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Seiji Ozawa, world-renowned Japanese conductor, dies aged 88

World-renowned Japanese conductor Seiji Ozawa has died aged 88, national broadcaster NHK reports.

Reuters cited the cause of his death as heart failure.

Last year, Ozawa returned for the first time in four years to lead the Saito Kinen Orchestra in a world-first performance broadcast live to outer space.

Given in collaboration with the Japan Aerospace Exploration Agency (JAXA), the performance of Beethoven’s “Egmont” Overture was sent to JAXA astronaut Koichi Wakata on the International Space Station (ISS).

“I believe that this project will give us courage and hope for those of us who live in difficult times,” Ozawa said in a statement at the time. “Music has the power to connect people’s hearts, transcending language, borders, races, and the atmosphere.

“I am very happy to be able to realize such an amazing project with JAXA… I am very much looking forward to meeting Mr. Wakata, who is now in space. I wonder what music sounds like in space.”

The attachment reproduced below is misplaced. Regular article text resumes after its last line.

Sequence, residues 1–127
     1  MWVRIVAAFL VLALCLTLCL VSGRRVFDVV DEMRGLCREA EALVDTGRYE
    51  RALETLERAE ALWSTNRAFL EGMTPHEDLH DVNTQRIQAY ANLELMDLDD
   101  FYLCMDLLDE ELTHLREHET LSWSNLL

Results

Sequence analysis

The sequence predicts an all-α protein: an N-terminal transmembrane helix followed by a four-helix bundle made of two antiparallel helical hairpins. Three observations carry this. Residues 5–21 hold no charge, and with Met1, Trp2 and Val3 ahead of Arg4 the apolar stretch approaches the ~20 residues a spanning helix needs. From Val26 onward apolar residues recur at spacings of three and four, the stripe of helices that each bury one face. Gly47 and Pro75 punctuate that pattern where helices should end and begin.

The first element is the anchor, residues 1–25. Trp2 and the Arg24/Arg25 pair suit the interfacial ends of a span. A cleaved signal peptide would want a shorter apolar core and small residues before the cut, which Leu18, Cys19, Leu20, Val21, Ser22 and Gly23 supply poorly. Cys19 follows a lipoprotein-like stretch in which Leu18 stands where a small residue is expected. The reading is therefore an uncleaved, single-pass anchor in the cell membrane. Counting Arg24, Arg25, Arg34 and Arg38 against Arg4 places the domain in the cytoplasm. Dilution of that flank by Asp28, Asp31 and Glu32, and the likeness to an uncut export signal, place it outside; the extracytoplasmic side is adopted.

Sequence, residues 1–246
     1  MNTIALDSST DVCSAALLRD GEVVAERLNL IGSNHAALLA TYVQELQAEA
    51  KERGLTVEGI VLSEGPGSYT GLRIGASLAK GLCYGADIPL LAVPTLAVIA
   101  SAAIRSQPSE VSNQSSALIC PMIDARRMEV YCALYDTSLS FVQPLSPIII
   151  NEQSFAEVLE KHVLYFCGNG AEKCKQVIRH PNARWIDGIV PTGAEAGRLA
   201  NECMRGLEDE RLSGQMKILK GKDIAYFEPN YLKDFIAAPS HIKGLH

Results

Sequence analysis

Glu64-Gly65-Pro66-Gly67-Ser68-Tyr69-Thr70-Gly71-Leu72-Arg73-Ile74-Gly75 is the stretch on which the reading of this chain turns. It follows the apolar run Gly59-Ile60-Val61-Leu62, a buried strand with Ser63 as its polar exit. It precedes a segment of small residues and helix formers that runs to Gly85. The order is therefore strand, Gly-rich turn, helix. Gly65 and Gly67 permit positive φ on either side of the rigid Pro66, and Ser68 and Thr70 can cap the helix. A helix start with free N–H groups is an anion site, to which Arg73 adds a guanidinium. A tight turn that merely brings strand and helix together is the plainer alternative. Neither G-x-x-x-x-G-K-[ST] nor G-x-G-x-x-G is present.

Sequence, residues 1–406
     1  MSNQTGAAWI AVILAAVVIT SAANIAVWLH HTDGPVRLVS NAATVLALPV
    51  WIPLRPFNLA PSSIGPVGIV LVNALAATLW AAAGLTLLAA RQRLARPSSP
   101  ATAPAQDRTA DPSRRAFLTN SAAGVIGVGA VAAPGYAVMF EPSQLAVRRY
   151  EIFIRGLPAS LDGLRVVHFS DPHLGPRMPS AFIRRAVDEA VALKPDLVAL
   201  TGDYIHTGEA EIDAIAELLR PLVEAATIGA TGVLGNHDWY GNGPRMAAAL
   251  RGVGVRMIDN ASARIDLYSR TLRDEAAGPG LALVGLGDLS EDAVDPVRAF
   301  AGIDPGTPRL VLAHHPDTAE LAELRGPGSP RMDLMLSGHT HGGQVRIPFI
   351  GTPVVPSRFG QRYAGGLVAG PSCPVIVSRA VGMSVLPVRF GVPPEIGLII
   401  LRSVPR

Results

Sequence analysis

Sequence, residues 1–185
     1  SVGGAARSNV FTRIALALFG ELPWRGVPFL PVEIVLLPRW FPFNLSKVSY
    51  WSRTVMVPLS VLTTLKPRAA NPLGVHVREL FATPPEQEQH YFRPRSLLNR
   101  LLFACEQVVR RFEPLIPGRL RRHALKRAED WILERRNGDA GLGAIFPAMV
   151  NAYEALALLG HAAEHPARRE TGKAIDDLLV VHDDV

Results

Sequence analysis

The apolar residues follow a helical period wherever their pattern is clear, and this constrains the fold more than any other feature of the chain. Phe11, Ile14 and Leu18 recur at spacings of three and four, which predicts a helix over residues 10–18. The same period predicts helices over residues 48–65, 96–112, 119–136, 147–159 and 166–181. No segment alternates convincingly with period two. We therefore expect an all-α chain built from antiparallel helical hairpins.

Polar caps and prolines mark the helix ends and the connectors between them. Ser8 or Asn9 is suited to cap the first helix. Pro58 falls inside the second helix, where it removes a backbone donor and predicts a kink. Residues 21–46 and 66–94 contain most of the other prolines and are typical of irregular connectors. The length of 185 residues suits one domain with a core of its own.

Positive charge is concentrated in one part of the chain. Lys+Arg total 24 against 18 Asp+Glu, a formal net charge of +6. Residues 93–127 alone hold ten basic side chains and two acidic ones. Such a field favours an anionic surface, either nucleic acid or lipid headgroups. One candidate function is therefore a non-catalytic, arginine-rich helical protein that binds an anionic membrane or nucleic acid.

Born in the Chinese city of Mukden in 1935, Ozawa began studying piano at an early age before breaking two fingers in a rugby-playing accident halted his practice in 1950. During that downtime, Ozawa’s teacher took him to see a performance of Beethoven’s Piano Concerto No 5, which changed him forever and led him to shift his focus to conducting.

Seiji Ozawa in 2013 (AFP via Getty Images)
Seiji Ozawa in 2013 (AFP via Getty Images)

Nearly a decade later, Ozawa won the first prize at the International Competition of Orchestra Conductors in Besançon, France, which was a key point in him starting to achieve international success.

From 1964 to 1968, he served as the first music director of the Ravinia Festival, the summer home of the Chicago Symphony Orchestra, then an additional year as its principal conductor.

Elsewhere in North America, Ozawa was music director of the Toronto Symphony Orchestra from 1965 to 1969 and of the San Francisco Symphony from 1970 to 1977.

However, his best-known music director stint was his time spent heading up the Boston Symphony Orchestra, from 1973 to 2002. His 29-year tenure was the longest-ever, beating Russian-American conductor Serge Koussevitzky’s 25 years at the institution.

Seiji Ozawa (JIJI PRESS/AFP via Getty Images)
Seiji Ozawa (JIJI PRESS/AFP via Getty Images)

In 1999, Ozawa told The Independent of his great appreciation for Boston. “The BSO and I are like family now, but I never lost contact with Japan,” he noted.

“My children were educated there. But Boston is a city I've grown to love.”

Ozawa was diagnosed with oesophageal cancer in 2010 and cancelled all performances for six months as he received treatment. In 2011, he postponed further concerts due to ill health.

Seiji Ozawa is survived by his wife, the actor Miki Irie, and their children Seira and Yukiyoshi.